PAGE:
The underfill may contain hardeners (or crosslinking agents), catalysts, toughening agents, and fluxing agents. A typical underfill formulation will contain a polymer resin, a hardener, a curing catalyst, and a fluxing agent.
The underfill is preferably flux activated. The fluxing agent may be acidic or basic. Acidic fluxing agents may be organic acids, e.g., acrylic acid, heptanoic acid, lauric acid, palmitic acid, and valeric acid. The fluxing agent may also be neutral, e.g., an alcohol or polyol.
“Unfilled underfill” is underfill that is free or substantially free of filler material. Preferably, the unfilled underfill is flux activated.
“Filled underfill” is underfill that contains filler material. This allows for optimizing the CTE as needed. The filler may be a powered inorganic material, e.g., silica, alumina, carbon, or aluminum nitride, or mixtures thereof. The amount of filler used may vary widely depending on the particular underfill and filler combination. Preferably, the amount of filler will change the CTE of the underfill from about 3 ppm/° C. to 30 ppm/° C. Filled underfill may also be flux activated.
The underfill layers 150 are filled underfill, i.e., they contain filler.
Various processes may be used to apply underfill material to the wafer or package substrate. Examples of such processes include spin-on, dispense, coating (e.g., by brushing or spraying a liquid), and lamination (e.g., by applying a solid film or sheet).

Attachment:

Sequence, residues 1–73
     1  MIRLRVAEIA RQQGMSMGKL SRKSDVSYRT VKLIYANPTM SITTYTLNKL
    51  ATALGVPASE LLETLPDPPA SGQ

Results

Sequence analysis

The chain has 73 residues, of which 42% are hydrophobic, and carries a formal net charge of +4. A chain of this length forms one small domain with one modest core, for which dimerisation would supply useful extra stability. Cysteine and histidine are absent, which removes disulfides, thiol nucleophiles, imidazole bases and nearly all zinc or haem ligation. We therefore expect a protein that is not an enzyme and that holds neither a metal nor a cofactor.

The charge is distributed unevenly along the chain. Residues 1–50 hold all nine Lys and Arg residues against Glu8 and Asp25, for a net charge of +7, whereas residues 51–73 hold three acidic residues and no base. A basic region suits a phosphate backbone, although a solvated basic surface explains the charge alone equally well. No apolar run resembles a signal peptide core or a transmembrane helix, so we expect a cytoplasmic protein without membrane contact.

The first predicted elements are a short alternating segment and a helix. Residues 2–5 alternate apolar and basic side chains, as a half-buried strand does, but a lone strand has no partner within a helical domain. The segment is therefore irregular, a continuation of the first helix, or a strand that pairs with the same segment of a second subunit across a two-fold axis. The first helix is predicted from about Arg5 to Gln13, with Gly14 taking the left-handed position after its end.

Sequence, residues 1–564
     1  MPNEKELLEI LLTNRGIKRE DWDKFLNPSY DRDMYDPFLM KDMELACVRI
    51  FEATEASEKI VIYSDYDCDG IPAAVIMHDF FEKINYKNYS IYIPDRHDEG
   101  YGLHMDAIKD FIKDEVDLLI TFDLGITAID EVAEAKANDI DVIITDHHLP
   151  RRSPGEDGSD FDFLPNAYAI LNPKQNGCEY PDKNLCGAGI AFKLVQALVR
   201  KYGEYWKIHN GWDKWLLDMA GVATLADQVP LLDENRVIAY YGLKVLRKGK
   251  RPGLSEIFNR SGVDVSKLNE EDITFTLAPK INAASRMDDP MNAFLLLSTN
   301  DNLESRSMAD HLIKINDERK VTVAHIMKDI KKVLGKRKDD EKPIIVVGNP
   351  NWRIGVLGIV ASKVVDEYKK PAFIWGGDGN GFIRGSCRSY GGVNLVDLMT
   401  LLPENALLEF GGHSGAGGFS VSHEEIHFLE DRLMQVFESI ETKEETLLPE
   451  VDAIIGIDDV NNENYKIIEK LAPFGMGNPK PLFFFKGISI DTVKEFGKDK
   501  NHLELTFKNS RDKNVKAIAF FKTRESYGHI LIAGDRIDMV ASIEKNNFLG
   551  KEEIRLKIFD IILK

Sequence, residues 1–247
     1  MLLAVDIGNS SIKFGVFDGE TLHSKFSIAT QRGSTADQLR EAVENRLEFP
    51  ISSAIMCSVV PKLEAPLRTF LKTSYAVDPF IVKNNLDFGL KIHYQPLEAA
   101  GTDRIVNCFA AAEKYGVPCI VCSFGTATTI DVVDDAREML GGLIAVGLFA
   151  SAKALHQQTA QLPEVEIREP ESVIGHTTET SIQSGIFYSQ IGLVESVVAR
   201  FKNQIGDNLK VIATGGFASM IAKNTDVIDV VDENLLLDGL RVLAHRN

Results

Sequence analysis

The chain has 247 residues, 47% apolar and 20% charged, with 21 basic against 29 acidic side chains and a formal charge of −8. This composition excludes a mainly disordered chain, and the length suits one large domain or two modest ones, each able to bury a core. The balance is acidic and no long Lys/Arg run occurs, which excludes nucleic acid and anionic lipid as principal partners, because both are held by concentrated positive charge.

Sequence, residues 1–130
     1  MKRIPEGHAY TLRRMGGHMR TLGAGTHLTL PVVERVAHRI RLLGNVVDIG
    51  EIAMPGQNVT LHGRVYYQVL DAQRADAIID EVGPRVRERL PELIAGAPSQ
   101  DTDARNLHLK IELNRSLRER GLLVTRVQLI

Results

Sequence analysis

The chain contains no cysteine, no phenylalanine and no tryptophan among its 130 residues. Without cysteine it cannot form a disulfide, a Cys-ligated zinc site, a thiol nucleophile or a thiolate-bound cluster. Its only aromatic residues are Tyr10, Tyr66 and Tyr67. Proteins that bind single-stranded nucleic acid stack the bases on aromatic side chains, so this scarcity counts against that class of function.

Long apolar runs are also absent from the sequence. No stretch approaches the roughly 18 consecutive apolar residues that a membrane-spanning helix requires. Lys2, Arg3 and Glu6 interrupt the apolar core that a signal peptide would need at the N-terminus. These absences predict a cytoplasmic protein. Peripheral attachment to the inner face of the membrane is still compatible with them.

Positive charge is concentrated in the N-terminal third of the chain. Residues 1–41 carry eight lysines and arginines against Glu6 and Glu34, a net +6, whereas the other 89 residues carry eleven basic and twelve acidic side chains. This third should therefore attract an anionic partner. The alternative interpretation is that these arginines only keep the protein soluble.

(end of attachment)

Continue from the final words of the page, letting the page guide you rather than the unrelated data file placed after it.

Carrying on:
A plurality of underfill layers may be applied by soft baking the previous layer prior to application of the next underfill material. “Soft baking” means to heat sufficiently to polymerize to a partially hardened state. The conditions for soft baking are optimized depending on the particular underfill material. Preferably, after successive soft baking steps the underfill may be further cured on joining the chip and substrate to allow for bonding to the substrate material.
The number and thickness of the underfill layers is not limited and can vary widely within the scope of the invention. Preferably, the number of underfill layers is from 2 to 10 layers, more preferably 3 to 4 layers. The thickness of each underfill layer is not limited and can be varied for specific applications as needed. Preferably, the underfill layers range in thickness from 5 μm to 30 μm, more preferably from 15 μm to 20 μm.
As shown in FIGS. 2A-C by the lines in underfill layers 150, the underfill layers may not form parallel planar regions in the local area surrounding bump 115, but may instead each show a contoured curvature rising towards the bump surface 117. This arises because of the shape that the underfill layers assume when applied to die surface 112 and the protruding bumps 115. For simplicity, this detail is not shown in FIGS. 3-4.
In one embodiment of the invention, at least one layer of filled underfill is applied and the underfill on the bumps is removed to expose the bumps. A final layer of unfilled underfill is then applied.